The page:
Susan River Solar Farm Construction Commences

The up-to 100MW and $175m Susan River Solar Farm located between Hervey Bay and Maryborough in Queensland is commencing construction this month after being granted DA in 2016.

Susan River Solar Farm

Susan River Solar Farm
Susan River Solar Farm Mockup (source: http://susanriversolarfarm.com.au/)

The Susan River Solar Farm was granted DA (development approval) by the Fraser Coast Regional Council in December 2016 and is now commencing its construction, with roadworks already underway to ensure the infrastructure is set up correctly before building commences. The project is being developed by one of Australia’s biggest renewable energy developers – ESCO Pacific Pty Ltd. They currently have nine solar farms in various stages of completion – with three under construction (The Ross River Solar Farm, Childers Solar Farm, and Susan River Solar Farms) and six with planning secured. These six are in Rollingstone, Dino, Horsham, Koberinga, Moura, and Finley.

With regards to solar employment at the Susan River Solar Farm, Esco chief executive Steve Rademaker said the project will create up to 300 jobs during its inception and five to ten full-time jobs after the plant’s construction is complete. He went on to explain why the Fraser Coast location was ideal for their solar farm:

“Choosing a location came down to the suitable size identification and proximity to the electrical grid, among other factors,” Mr Rademaker said.

“The Fraser Coast ticked all these boxes. It’s a good location to build a project like this.”

According to the Fraser Coast Chronicle, the project will occupy 176 hectares and will involve the installation of 350,000 PV solar panels. 

Fraser Coast infrastructure councillor Denis Chapman called it a “jewel in the crown” of the Fraser Coast.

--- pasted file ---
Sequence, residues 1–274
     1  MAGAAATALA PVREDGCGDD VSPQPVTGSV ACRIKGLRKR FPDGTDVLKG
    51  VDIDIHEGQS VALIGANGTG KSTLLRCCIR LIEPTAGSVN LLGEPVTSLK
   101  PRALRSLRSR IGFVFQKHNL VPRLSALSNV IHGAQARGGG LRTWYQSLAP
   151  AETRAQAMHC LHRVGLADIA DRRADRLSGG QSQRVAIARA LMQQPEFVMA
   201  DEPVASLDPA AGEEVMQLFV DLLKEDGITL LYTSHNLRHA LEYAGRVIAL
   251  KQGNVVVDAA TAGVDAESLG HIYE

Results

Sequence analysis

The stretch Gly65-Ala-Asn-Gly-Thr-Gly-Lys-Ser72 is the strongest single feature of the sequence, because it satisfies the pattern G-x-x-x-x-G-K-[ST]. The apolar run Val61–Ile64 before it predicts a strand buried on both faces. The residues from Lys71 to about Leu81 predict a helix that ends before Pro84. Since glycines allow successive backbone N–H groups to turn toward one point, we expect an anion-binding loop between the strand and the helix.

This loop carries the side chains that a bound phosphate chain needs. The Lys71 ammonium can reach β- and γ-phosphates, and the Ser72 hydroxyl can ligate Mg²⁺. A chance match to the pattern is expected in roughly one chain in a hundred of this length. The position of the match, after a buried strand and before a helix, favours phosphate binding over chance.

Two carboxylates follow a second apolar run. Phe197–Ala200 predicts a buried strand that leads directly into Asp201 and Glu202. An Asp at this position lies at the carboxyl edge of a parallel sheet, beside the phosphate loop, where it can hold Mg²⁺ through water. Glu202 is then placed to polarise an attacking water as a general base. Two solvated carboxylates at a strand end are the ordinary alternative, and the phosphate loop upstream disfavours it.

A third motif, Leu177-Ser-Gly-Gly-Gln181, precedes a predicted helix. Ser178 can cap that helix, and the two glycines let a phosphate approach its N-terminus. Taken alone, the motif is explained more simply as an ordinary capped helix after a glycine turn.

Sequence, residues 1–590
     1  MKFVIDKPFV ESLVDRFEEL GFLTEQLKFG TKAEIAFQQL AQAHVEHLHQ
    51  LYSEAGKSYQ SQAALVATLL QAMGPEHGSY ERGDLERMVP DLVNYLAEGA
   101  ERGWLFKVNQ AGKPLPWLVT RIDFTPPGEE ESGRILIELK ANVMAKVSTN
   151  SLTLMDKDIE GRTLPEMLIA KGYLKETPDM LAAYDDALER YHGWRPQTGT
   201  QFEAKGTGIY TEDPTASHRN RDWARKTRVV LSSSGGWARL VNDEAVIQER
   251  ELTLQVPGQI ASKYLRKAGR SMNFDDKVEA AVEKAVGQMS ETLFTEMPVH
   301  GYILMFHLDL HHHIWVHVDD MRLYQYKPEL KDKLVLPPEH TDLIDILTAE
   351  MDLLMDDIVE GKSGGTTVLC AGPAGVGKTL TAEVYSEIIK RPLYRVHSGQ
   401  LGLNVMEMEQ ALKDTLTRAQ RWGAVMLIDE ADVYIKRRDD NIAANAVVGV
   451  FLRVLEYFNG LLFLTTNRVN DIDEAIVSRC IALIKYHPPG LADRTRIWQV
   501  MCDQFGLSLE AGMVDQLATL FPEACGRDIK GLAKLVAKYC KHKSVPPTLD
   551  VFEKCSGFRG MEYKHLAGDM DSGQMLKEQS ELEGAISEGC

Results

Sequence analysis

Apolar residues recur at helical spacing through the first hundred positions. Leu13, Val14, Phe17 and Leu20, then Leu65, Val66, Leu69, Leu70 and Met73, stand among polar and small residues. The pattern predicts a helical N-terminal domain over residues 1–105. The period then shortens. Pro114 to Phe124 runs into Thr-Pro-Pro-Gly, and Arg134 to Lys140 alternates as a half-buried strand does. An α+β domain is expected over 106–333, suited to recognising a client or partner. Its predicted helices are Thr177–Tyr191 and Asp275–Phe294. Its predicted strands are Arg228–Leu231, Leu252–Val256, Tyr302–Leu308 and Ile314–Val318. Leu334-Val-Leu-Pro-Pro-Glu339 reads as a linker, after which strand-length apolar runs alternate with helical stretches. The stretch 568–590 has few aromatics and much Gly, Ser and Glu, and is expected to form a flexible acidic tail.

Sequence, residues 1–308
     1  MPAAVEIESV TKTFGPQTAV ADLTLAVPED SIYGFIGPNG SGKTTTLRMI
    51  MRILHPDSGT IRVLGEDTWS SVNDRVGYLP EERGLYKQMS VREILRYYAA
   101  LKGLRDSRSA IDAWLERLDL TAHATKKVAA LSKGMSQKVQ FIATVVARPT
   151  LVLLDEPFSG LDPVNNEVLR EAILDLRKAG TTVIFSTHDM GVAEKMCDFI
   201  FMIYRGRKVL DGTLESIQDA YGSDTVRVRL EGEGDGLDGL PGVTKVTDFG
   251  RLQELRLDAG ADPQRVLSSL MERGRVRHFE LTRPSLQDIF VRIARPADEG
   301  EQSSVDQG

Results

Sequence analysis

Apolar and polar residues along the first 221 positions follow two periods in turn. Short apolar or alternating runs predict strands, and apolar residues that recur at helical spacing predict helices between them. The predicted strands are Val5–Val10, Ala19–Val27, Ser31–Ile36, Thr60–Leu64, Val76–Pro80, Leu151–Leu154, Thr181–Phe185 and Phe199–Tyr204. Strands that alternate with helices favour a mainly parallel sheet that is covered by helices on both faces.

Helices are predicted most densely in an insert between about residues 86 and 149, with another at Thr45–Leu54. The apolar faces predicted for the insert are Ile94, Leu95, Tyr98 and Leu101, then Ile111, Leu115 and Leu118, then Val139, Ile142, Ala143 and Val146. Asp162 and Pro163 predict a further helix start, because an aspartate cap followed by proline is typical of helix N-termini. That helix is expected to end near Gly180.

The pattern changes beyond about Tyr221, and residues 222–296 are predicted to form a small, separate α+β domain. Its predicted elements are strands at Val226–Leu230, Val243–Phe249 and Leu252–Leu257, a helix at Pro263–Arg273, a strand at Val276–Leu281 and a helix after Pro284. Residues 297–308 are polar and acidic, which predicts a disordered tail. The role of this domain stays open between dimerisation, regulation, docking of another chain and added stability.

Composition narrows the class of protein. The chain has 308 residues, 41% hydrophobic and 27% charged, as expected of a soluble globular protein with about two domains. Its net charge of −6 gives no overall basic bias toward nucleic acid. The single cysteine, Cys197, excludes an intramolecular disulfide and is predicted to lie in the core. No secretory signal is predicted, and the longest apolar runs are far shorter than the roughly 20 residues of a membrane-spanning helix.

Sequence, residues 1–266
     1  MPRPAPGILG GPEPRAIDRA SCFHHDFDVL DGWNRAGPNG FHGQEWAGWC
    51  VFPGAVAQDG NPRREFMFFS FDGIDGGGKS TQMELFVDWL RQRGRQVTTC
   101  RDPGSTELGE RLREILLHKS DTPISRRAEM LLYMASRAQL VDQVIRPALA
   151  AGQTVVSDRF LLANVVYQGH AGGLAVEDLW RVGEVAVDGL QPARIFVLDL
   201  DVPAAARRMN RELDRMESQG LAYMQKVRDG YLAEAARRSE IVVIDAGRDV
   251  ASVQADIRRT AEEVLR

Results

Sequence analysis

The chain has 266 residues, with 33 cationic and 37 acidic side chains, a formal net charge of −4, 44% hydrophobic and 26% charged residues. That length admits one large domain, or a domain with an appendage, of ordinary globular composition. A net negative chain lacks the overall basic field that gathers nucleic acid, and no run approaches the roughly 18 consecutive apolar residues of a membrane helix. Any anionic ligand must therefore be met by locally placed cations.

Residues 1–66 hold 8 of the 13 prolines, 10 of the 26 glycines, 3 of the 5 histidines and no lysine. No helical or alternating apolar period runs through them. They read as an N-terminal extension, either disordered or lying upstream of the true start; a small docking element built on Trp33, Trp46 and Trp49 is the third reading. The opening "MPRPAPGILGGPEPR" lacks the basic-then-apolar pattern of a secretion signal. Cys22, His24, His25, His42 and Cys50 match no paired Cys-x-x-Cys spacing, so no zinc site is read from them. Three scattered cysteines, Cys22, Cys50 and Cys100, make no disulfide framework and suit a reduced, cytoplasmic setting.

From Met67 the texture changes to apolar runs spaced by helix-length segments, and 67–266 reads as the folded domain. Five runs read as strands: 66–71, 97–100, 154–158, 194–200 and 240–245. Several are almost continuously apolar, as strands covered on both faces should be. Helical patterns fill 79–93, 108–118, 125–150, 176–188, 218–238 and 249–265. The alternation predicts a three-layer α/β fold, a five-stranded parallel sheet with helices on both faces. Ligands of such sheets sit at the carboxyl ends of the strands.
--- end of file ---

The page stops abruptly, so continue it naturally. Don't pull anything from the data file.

The project doesn’t have a PPA (Purchase Power Agreement) signed yet, which means the farm will sell its output on the spot market once launched (unless they sign one first!).

The utility scale renewable energy project is expected to finish completion next year. 

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Ross River Solar Farm (Kelso, Townsville)

The $202 million, 148MW Ross River Solar Farm in Kelso, near Townsville in North Queensland is currently under construction. It’s the largest operating single stage solar farm in Australia and will comprise of 413,000 solar panels on single axis tracking systems.

Ross River solar farm

Ross River Solar Farm
Ross River solar farm (source: rossriversolarfarm.com.au)

The solar farm reached a financial close last May under Palisade Investment Partners and ESCO Pacific. Built on a disused mango farm over 202 hectares in a rural residential area near Ross Dam, it received DA (Development Approval) from the Townsville City Council in June 2016 (you can see the Town Planning Report they submitted by clicking here). They’ve signed a 13-year power purchase agreement with EnergyAustralia – with a new buried cable 132kV transmission line to connect the project to the Ross River Bulk Supply Substation being run to help facilitate the PPA. 

The project is funded via equity from the Palisade Renewable Energy Fund and three of Palisade’s clients, the Clean Energy Finance Corporation (CEFC), VicSuper and HESTA.

Palisade Managing Director and CEO, Roger Lloyd, said: “We are excited about this investment which further diversifies Palisade’s renewables portfolio. Palisade’s hands-on approach to taking greenfield projects through the development phase to financial close allows us to shape our investments in a way that minimises risk and maximises returns.”

According to an article from the Toowomba Chronicle, up to 250 North Queensland solar jobs are being created through this project. Downer Utilities, part of the listed Downer Group, is the lead construction contractor and you can click here to see their current solar job listings if you’re interested in joining the project.

The Ross River solar farm is set for completion later this year and is expected to operate for up to 40 years. We’ll keep you updated with any interesting developments we hear about it. 

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